HOME OF THE LADY DENMAN - Local history isn't always about the big story - the everyday story of life in the early development of the region can be a fascinating, entertaining and educational journey.

1 December 2016

Why is a ship a “she”

Have you ever wondered why a ship is most often referred to as a “She’'
The web is full of different theories but the following one sums up the general sentiment.

“In truth, the real reason behind various vehicles being referred to as female may never be fully understood. It could simply be a way that predominantly male seafarers came to express their affection for the object that sustained them while in dangerous situations and helped to provide food for their families when coastal fishing became a major part of their lives. Regardless of the origin, the tradition is engraved in human culture all around the world and isn't likely to fade in the near future.”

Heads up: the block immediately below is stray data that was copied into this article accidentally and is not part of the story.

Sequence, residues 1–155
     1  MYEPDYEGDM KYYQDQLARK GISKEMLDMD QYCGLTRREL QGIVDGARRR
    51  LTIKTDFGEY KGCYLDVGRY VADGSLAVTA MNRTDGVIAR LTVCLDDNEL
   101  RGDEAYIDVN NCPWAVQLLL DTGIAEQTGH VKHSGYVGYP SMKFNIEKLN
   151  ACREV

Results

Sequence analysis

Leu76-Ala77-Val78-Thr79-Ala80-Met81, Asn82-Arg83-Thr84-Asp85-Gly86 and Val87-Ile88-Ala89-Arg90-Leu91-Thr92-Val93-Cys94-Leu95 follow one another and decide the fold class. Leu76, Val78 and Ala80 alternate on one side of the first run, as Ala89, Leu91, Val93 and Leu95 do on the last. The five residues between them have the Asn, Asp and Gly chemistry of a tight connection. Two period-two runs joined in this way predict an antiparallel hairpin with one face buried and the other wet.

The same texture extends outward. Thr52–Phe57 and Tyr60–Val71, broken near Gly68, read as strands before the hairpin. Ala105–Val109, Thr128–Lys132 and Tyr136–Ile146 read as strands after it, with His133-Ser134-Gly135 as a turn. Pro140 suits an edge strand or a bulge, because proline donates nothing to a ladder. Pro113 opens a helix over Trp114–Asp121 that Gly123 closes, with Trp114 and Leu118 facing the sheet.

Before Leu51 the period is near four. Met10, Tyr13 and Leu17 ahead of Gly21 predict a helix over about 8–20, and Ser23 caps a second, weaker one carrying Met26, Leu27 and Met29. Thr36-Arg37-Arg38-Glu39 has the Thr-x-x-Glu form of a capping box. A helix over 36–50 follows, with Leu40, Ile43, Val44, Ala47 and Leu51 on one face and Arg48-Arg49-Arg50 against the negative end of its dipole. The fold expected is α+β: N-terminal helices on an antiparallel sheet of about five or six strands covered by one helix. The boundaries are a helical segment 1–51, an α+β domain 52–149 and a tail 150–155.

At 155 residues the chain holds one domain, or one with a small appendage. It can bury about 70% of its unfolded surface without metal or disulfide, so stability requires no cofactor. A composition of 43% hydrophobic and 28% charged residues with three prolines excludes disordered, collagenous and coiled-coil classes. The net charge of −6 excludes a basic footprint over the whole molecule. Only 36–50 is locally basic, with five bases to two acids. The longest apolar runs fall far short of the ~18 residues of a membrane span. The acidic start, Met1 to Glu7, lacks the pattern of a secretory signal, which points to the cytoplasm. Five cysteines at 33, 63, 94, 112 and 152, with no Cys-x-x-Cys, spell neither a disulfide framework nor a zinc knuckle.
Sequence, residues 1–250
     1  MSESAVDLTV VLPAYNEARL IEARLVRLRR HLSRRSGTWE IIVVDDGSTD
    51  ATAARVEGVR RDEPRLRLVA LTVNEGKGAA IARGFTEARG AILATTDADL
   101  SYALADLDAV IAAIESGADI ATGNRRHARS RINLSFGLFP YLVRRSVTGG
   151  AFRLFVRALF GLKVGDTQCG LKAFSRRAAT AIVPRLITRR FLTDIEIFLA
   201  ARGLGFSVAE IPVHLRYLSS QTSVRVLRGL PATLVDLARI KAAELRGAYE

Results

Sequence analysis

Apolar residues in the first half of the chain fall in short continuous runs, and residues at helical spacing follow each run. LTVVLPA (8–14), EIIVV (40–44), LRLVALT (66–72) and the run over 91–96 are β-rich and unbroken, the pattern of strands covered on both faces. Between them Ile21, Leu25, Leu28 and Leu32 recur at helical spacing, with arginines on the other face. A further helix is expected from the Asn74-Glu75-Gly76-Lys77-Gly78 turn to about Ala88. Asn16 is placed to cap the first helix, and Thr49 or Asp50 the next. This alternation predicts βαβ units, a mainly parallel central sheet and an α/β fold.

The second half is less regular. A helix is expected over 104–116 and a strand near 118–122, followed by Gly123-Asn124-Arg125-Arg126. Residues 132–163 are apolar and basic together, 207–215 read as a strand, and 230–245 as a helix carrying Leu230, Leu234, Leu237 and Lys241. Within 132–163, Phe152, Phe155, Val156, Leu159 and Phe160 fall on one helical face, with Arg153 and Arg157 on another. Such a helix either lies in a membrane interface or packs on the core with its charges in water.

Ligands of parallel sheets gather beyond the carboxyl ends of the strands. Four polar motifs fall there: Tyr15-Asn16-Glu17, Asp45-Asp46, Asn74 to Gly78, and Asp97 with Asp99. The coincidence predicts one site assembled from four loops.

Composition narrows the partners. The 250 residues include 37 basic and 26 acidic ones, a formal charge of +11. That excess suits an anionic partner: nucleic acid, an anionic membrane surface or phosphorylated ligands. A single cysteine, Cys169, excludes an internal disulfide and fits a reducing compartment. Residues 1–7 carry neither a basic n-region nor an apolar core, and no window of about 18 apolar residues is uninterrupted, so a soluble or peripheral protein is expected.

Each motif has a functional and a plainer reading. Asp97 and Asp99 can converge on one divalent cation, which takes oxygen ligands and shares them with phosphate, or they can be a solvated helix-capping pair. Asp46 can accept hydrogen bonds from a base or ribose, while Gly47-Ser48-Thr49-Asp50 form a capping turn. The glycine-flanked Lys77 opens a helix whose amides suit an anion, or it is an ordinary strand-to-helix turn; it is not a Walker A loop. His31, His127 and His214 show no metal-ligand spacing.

Another older exlanation, used by most navies around the world.

“A ship is called a she because there is always a great deal of bustle around her; there is usually a gang of men about; she has a waist and stays; it takes a lot of paint to keep her good-looking; it is not the initial expense that breaks you, it is the upkeep; she can be all decked out; it takes an experienced man to handle her correctly; and without a man at the helm, she is absolutely uncontrollable. She shows her topsides, hides her bottom,  and when coming into port, always heads for the buoys.”


This beautiful piece of maritime art is from the bow of the Coonatto which was wrecked on Beachy Head in the English Channel on 21 Feb. 1876.  It forms part of the Halloran Collection on display at the museum – Continue Reading



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